Friday, December 6, 2013

US conservatives don't mistrust all science – just science that could lead to regulation

Liz Kalaugher in Environmental Research Web: Contrary to popular belief, US conservatives do not trust science or scientists across the board less than liberals do. But they do show less trust in scientists who study the environmental and health impacts of new technologies. Scientists who help create new economic products are trusted slightly more by conservatives than by their left-leaning compatriots.

"Conservative Republicans don't rail against petroleum geology, nuclear physics or industrial chemistry," Aaron McCright of Michigan State University told environmentalresearchweb. "Rather, they oppose those scientific endeavours that help us better understand how human activities are affecting the environment and our health. It is this latter science that produces data that is often used to justify governmental regulations."

Journalists and scholars have argued that conservatives and Republicans oppose or don't trust science, but from McCright's observations "this isn't that accurate". Previous studies have asked for people's views about science or scientists in general; McCright and colleagues from Michigan State set out to understand the relationship between political ideology and opinions on science "in a way that was a bit more nuanced".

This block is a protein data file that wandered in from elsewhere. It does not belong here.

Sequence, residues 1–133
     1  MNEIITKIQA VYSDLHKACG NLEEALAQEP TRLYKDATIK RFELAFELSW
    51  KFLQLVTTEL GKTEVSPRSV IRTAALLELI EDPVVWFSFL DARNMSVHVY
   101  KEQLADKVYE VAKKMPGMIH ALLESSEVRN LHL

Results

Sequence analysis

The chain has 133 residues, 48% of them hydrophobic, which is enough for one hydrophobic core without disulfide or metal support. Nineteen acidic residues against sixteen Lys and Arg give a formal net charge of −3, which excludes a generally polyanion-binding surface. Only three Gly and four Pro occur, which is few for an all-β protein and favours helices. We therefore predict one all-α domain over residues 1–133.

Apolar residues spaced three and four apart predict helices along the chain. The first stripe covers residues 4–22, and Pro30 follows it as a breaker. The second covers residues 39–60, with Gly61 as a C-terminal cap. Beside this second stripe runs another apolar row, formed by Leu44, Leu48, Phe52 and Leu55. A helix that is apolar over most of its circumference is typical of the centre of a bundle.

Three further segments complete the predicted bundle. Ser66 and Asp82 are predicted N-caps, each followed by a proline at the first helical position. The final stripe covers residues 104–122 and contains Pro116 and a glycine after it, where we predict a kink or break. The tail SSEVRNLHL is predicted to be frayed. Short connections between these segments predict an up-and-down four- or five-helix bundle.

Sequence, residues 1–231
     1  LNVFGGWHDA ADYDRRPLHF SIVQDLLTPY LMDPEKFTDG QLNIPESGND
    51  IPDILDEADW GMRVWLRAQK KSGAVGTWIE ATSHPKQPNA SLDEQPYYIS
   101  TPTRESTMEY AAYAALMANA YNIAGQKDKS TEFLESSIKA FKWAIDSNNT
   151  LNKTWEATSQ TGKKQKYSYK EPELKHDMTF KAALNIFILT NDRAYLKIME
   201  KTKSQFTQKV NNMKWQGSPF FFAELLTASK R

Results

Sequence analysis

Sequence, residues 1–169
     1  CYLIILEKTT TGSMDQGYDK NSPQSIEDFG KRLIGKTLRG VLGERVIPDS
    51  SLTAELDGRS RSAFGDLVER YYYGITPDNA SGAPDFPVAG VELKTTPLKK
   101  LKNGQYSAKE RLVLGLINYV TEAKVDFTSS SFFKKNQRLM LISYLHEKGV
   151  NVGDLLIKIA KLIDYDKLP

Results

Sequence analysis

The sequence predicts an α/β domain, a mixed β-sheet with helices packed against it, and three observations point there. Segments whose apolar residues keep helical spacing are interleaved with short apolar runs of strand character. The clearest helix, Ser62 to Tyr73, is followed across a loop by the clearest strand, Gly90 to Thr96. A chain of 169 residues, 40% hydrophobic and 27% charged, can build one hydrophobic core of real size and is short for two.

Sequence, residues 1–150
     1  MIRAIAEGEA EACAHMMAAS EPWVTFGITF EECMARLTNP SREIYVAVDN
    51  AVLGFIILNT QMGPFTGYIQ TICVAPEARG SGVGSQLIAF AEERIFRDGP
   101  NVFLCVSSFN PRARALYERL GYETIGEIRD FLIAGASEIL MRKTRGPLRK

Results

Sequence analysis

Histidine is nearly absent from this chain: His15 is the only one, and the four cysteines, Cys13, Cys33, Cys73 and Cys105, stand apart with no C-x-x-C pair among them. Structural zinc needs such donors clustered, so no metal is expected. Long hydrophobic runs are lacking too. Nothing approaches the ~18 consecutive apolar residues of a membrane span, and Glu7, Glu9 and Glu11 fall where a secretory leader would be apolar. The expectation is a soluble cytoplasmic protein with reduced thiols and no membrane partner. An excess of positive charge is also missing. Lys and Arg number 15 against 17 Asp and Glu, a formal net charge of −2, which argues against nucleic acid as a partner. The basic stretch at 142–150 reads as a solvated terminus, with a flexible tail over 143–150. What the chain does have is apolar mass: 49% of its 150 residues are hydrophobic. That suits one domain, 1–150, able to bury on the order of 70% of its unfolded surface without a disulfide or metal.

According to McCright, the divide between conservatives and liberals on trust in science has increased since the early 1990s, when political polarization on support for environmental protection also began. "You might remember this was when many conservative leaders and Republican politicians really started calling climate science, environmental science, epidemiology, and others by the slur of 'junk science'," he said. "So what seems likely is that the erosion of confidence in science among conservatives was really an erosion of confidence in those areas of science related to environmental protection – that is, what we call impact science."...

A photograph of the Little White Schoolhouse of Ripon, Wisconsin, claimed birthplace of the US Republican Party (i.e. the site of one of the first meetings of the general "anti-Nebraska" movement of 1854 to use the name "Republican")

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